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Byron Shire
February 9, 2023

No accountability around pod villages

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Claims of violence at a number of pod village sites across the Northern Rivers has been brought to the attention of The Echo, raising concerns over the safety of residents and staff at pod sites. 

In response to the floods that left people homeless earlier this year, emergency powers were enacted – which bypassed normal development processes – to allow Resilience NSW to develop a number of cluster pod villages on the north coast. The free accommodation comprises two-bedroom units with shared laundry and toilet/shower facilities. 

The claims of violence also raise questions around the operation of the Mullumbimby and Ballina pod sites that opened on December 19.  

Northern Rivers pod housing allocations, circle of responsibility.

A number of people involved with the sites, who asked not to be identified, have said there is ongoing violence at some pod sites that is endangering staff and residents. 

Yet despite those claims, specifically at the Lismore SCU site on December 6, police say there are no major problems with the pods in the Lismore area.

Duty officer for Lismore/Richmond Local Area Command (LAC), Inspector Nigel Howard, told The Echo, ‘It’s not a daily occurrence to be called out, and appears a similar workload to before the floods’. 

Additionally, the duty officer from Tweed Byron Police district also told The Echo that there are no problems with the pod villages in the areas that they cover.

Not flood-affected residents

The Echo was told that the NSW Department of Community Justice (DCJ) has been putting forward people who are homeless rather than directly flood-affected, some of whom have violent criminal histories, and then overriding site managers who said they didn’t think they were a good fit for their site.

‘It is the residents who aren’t flood-affected that are the problem,’ The Echo was told. The source alleged that, ‘The DCJ has a priority list; their priority is to get their existing clients out of temporary accommodation like hotels/resorts etc, so they are prioritising these clients over flood victims. I know people who are living in tents or cars waiting for pods, and I believe they are not getting placed because they are currently not costing the government any money.’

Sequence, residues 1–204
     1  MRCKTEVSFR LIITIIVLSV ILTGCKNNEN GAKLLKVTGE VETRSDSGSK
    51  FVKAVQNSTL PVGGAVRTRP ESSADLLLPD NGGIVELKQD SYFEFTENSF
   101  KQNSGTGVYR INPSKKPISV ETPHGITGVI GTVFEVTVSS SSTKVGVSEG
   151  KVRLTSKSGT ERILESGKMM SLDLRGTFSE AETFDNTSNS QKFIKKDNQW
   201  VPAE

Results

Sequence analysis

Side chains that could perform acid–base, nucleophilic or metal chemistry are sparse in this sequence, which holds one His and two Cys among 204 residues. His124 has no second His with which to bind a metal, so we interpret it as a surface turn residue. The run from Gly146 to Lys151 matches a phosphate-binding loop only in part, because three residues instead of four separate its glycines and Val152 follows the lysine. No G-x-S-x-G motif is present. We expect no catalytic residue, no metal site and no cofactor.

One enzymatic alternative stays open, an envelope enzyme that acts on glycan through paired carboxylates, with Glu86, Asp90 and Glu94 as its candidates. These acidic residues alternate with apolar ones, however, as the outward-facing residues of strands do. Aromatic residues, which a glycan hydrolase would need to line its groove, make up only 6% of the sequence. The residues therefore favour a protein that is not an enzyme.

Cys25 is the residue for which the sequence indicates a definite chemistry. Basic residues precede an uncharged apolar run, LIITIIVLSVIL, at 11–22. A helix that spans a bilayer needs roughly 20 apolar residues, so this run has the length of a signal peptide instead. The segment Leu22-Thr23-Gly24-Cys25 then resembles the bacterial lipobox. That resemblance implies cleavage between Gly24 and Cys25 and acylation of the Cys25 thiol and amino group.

The Echo has been told that there are a number of residents that are drinking from early in the day, which is often leading to the anti-social behaviour. 

Resilience NSW responded to questions about the management of who gets placed at the sites, telling The Echo, ‘We are partnering with local community housing providers who are responsible for resident allocations and day-to-day management of the site.’

No accountability

However, Executive Manager Housing Services for North Coast Community Housing (NCCH), Ray Mackeen, who manage sites at Ballina, Evans Head, Kingscliff, Lismore, Pottsville and Wollongbar, said that ‘Any matter pertaining to the registration of individuals for temporary housing should be directed to Service NSW and DCJ’. 

The DCJ said they had passed on The Echo’s enquiries regarding who is being placed at the pod sites to Resilience NSW. 

Sources have told The Echo that approximately one-third of the residents at the SCU Lismore pod site are not directly flood-affected. 

Responding to questions on the allocation of pods to non flood-affected residents, a spokesperson for Resilience NSW said, ‘Residents register for temporary housing before going through an assessment and eligibility process to gain access to the program. Part of this assessment is verifying that they were flood-affected, with priority given to those based in the local area.’